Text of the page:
Anyaduba KGI Scholarship International Student Africans

Dr. Tochukwu and Mrs. Uchechukwu Anyaduba Establish KGI Scholarship Fund for International Students of African Descent, Pledging $25,000

Uchechukwu “Uche” Anyaduba, PhD ’24, and her husband, Dr. Tochukwu “Dubem” Anyaduba, PhD ’21, have established a scholarship fund to give back to Keck Graduate Institute (KGI). Starting in fall 2023, the couple will begin a five-year pledge totaling $25,000 to support international students of African descent with demonstrated financial need. 

Students at both the Henry E. Riggs School of Applied Life Sciences and the School of Pharmacy and Health Sciences are eligible. The Anyadubas have committed to an annual gift of $2,500. Dubem’s employer, Abbott Laboratories, will match this amount on a 1:1 basis ($2,500). 

Gabriel Hernandez, KGI’s Annual Giving Officer, shared,

“The generosity displayed by Dr. and Mrs. Anyaduba exemplifies the power of giving and its profound impact on students’ lives. Their support of international students at their alma mater, KGI, represents a remarkable commitment to fostering opportunity and empowering those in need.”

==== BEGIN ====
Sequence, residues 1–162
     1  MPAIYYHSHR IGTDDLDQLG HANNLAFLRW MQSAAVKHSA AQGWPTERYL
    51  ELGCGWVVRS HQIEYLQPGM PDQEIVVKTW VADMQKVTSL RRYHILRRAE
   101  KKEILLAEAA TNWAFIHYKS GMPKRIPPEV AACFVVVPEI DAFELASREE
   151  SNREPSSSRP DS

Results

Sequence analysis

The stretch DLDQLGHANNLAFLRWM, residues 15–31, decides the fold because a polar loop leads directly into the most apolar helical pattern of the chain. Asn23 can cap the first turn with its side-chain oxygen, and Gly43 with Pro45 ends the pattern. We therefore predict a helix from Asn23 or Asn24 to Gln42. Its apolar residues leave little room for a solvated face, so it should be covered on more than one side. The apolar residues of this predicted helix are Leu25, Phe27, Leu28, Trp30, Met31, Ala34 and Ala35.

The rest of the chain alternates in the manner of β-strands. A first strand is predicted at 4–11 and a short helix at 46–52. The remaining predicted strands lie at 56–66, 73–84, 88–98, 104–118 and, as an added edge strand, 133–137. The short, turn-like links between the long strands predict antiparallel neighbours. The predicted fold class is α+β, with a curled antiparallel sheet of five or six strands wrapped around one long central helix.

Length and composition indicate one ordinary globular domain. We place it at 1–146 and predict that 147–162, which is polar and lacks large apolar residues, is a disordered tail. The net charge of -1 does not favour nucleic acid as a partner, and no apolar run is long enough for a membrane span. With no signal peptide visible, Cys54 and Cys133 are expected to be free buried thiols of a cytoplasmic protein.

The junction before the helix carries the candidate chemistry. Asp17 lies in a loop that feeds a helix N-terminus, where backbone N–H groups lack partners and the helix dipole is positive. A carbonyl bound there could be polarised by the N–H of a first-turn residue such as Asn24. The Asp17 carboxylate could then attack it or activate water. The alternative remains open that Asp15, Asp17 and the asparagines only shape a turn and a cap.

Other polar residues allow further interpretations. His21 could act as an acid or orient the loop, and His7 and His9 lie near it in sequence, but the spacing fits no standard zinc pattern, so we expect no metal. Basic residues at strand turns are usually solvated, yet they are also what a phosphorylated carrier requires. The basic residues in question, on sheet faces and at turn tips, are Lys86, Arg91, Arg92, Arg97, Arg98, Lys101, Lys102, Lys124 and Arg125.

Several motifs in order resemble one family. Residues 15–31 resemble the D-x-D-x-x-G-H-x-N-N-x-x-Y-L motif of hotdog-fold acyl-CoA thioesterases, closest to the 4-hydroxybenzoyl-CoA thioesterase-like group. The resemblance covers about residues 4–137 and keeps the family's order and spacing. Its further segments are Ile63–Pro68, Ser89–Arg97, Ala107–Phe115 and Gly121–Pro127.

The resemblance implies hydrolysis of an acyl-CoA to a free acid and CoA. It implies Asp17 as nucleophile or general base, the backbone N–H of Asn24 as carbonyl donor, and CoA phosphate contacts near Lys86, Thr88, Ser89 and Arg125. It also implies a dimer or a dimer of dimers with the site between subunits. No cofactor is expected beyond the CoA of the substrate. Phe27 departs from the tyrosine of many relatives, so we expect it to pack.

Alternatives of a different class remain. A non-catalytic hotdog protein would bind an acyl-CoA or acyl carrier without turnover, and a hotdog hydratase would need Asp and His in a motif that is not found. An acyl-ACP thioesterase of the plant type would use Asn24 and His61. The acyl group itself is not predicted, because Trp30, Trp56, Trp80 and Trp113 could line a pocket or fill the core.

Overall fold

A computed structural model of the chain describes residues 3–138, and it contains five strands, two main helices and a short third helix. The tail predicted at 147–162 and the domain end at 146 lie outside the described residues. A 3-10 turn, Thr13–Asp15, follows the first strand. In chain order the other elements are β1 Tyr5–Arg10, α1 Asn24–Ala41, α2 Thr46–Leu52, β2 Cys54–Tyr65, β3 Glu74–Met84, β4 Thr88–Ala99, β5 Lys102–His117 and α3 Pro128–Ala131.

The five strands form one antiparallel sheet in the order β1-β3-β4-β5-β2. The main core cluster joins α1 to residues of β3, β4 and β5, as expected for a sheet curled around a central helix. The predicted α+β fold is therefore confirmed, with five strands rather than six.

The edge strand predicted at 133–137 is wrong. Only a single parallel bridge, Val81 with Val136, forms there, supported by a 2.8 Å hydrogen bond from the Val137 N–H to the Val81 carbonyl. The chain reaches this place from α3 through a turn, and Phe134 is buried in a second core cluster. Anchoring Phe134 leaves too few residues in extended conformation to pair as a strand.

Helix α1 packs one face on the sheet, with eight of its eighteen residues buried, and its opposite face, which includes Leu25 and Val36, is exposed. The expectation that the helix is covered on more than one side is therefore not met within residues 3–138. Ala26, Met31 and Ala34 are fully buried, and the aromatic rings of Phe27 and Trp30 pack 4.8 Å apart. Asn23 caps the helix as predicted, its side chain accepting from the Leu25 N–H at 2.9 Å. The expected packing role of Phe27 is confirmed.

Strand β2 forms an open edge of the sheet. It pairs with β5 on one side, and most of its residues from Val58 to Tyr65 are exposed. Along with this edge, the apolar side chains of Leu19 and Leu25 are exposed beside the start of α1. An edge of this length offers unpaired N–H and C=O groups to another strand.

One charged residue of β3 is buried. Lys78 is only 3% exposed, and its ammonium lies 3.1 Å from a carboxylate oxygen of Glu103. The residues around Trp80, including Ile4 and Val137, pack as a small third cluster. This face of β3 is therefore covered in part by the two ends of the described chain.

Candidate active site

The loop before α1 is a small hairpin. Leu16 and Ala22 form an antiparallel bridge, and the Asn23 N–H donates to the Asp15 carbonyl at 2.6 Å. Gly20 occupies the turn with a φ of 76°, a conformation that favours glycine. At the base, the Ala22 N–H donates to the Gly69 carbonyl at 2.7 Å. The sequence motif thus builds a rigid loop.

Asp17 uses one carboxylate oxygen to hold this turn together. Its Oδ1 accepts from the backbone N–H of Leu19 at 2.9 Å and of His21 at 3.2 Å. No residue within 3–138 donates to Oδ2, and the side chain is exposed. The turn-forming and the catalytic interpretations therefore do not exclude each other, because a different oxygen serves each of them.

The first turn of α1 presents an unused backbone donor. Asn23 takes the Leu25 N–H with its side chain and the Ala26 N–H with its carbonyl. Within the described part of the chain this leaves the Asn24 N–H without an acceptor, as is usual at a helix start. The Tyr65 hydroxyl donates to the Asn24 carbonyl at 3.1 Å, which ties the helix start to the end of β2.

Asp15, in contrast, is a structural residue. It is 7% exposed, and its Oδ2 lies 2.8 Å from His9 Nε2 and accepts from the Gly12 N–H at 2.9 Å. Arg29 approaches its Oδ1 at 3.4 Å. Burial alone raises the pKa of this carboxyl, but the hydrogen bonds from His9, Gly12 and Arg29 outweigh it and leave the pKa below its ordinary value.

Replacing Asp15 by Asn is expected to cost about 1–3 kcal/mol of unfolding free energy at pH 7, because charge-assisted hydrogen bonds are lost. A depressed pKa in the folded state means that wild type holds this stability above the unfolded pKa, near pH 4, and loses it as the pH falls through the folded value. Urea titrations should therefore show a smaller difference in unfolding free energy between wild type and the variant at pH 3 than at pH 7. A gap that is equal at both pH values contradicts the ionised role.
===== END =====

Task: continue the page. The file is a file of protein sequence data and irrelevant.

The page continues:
The Anyadubas, originally from Nigeria, understand firsthand the transformative effect of financial aid. They also understand the unique obstacles that international students face while navigating a new country, culture, and academic system.

“KGI’s curriculum comes with intense rigor,” Uche said. “Imagine if this academic pressure is further compounded by the constant concern of financing one’s tuition, housing, and other expenses. International students face additional constraints during term-time as they are prohibited from seeking employment besides the limited on-campus positions.”

Furthermore, these on-campus positions only cover basic living expenses.

“Fortunately, the financial aid that KGI offered my husband and I helped to alleviate the burden of having to worry about tuition and enabled us to focus on our studies and other extracurricular activities,” Uche said. “For that, we are very grateful.”

Lifting this burden allows more time for personal growth, professional development, internships, research, and leadership opportunities. 

The Anyadubas have experienced the generosity of others in multiple ways.